The Irish Men's Sheds Association has called for new members to join up after suffering a decline in attendance in recent years.
The group has said weekly attendance at Men's Sheds across Ireland has dropped from 10,000 people before the Covid-19 pandemic to around 6,000 now.
Men's Sheds are community-based projects, each offering a range of activities like woodwork, gardening, carpentry and community work.
There are currently 435 sheds operating in Ireland.
Around 200 people attended the association’s first national conference, 'Shedfest’, in Virginia, Co Cavan today.
Irish Men’s Sheds Association Chief Executive Enda Egan said it was an opportunity to demonstrate the value of sheds and encourage men all over Ireland to take part.
He said the organisation had been "hit very hard by the Covid pandemic", with weekly numbers dropping by 4,000.
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"The average age of a man in a shed is 69, so you’re looking at 2-3 years later, men have maybe developed health issues that weren’t there before, maybe they lost the appetite to be involved in sheds, unfortunately we have lost many members through Covid," he said.
Mr Egan said he hoped that ‘Shedfest’ would re-energise sheds and get the message out there that there was a role for every man in Men’s Shed.
One shed that has bucked the trend and started operating in the last two years is the Mountjoy Prison shed.
Governor David Mulligan said it was used by inmates aged over 55 and into their 80s.
"We wanted to come up with activities that would be good for their mental health and Men’s Shed fit perfectly into that," he said.
Prisoners have so far repaired bicycles that have been then donated to refugees and refurbished and painted benches for a project with the Irish Cancer Society.
"Having some structure in a prison is great and having activities to do makes the day go quicker, but there’s also the fact that you give something back to the communities. It gives them enormous satisfaction to see what they’re making and then to see the end product going to needy causes. It’s a win-win," said Mr Mulligan.
Gerry Hopkins is a local shedder in Virginia Men’s Shed, which has been growing since it started seven years ago.
He said the group was "so well knit", but that it was a welcoming environment.
"A man could come in on a Wednesday night and he’s a member and he’s welcomed. When he comes back on Friday morning, we know his name, he knows everyone," he said.
With a workshop and a polytunnel for growing vegetables, there is plenty to do, but the focal point for the shed is a Wednesday night, when the group of around 25 gathers together to play bowls, pickleball, and host a weekly quiz.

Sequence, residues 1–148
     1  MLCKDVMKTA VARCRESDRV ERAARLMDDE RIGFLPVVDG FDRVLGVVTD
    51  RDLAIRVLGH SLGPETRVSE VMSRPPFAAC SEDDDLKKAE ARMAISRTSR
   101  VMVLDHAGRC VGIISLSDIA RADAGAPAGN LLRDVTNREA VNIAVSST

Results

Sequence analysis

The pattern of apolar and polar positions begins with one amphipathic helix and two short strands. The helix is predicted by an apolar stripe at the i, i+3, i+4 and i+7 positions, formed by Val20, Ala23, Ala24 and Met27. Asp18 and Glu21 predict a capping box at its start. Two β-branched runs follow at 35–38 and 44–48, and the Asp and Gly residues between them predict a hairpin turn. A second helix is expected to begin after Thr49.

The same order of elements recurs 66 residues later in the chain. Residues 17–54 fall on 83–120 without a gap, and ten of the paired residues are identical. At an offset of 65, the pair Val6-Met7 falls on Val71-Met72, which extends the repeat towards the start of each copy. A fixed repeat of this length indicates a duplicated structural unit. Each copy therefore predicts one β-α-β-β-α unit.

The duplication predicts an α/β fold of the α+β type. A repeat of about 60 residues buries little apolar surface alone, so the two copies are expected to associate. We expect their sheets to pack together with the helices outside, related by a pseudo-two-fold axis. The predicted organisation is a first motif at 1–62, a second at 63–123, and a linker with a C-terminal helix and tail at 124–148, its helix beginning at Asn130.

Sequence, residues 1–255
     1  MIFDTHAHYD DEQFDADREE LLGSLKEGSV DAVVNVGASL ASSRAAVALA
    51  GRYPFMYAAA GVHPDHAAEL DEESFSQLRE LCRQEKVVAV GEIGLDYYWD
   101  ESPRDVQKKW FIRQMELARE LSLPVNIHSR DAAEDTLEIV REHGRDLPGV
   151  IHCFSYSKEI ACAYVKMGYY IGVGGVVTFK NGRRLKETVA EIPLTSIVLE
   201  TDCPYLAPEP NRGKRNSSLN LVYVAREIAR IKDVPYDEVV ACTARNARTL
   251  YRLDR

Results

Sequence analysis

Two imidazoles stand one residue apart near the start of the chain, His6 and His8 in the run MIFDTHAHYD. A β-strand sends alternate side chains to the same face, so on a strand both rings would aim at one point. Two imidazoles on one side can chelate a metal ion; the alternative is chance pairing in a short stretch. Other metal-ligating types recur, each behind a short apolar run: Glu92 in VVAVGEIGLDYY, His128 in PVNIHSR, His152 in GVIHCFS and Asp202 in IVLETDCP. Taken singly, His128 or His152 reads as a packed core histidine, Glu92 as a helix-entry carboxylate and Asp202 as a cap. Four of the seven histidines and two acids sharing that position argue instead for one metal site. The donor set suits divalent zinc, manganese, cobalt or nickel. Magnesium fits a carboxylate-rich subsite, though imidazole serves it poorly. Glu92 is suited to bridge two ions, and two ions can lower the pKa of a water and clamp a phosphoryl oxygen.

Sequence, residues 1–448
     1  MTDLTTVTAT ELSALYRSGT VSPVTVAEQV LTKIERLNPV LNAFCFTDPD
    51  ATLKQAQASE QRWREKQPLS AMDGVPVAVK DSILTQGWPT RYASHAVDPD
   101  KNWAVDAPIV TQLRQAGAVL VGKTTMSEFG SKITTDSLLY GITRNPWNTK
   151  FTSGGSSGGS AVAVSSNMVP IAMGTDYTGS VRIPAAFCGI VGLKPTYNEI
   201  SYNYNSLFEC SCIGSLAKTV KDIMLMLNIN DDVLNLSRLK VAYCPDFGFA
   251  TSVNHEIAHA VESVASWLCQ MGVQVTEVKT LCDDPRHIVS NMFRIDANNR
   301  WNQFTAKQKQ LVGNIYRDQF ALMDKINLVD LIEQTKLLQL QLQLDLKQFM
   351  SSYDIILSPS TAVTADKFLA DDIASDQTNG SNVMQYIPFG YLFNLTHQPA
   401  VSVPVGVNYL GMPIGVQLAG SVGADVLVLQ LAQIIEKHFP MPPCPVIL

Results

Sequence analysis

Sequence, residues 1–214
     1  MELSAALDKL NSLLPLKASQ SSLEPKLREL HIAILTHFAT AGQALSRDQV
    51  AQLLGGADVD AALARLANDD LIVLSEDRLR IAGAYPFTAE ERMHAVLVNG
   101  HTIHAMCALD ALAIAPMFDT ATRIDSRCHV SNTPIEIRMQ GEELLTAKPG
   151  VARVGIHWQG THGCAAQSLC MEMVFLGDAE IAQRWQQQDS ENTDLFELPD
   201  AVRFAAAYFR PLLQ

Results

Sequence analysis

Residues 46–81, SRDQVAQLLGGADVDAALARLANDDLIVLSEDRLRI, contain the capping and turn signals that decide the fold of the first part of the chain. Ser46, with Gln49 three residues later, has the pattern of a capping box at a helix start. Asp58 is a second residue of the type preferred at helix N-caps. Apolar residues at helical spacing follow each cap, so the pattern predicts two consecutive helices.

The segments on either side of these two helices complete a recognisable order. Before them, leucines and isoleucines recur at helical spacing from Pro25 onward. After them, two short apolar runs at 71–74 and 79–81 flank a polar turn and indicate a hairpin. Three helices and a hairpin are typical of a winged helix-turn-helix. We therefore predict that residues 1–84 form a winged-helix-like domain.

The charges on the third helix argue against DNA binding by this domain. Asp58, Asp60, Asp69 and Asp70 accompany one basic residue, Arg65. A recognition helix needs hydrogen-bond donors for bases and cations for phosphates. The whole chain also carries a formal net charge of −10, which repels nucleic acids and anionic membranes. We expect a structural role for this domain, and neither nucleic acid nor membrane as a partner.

The night rounds off with a cup of tea and a game of 25s.
"The craic at the 25s is second to none. Of course there’s a lot of them that cheat, but you expect that when you’re playing cards," said Mr Hopkins.
Sheds from around the country showed off some of their hand-crafted creations at the conference but were keen to say that no skills are needed to join.
Peadar Breathnach from the Joyce Country Shed in Connemara, Co Galway said being a member was about finding that connection with other people.
"All the bits you see there on the table are secondary to what it means to people. It’s the concept of the shed that works. You can be there, you don’t have to do anything if you don’t want to do anything. You can have a cup of tea and a chat. If you have projects you want to do, we have the equipment there," he said.
"It makes a difference to people that otherwise would probably maybe be lonely, the only one they’d see is maybe the postman. We have great camaraderie, a great group of lads that come in."
Joe Potter from the Collinstown Fore Men’s Shed in Co Westmeath said that the shed has had a huge influence on his life.
"I retired five or six years ago, and then unfortunately my wife passed away and this was a great outlet for me to get my life going again," he said.
Mr Potter said that men do not need to have any particular trades or skills to join.
"In the morning, we do a little bit of work, whatever we’re doing that day, for about an hour, and then we sit down and have the tea, and then we usually forget to go back to work," he said.
The conference dealt with issues including climate action, biodiversity, and heath issues like prostate cancer.
Among those addressing the crowd was Kate Chandler from the National Biodiversity Centre, who encouraged sheds to put a focus on pollination in their future projects.
She said that sheds around the country were already playing a huge role in protecting biodiversity.
"Each community will be different, some of them are quite urban so they might have containers or pots that they could fill with pollinator-friendly plants or make upcycled containers. Some of them if they’re a bit more rural might have areas that they can turn into meadows, and then they can sythe in September, or create community composting to deal with grass clippings," she said.
Opening the conference this morning, Minister for Rural and Community Development Heather Humphreys announced Government funding of €1 million to support sheds around the country.
Under the scheme, grants of up to €3,000 will be available to individual sheds and it is intended to help cover their running costs.
Ms Humphreys said that the setting up of sheds had been a "hugely positive development" for communities nationwide.
"They help tackle isolation and provide a safe, comfortable and welcoming environment where men of all ages can come together and socialise, share skills and work on meaningful projects," she said.
Mr Egan welcomed extra funding which he said can be utilised by sheds to pay for their bills through the winter and mitigate against the increased running costs.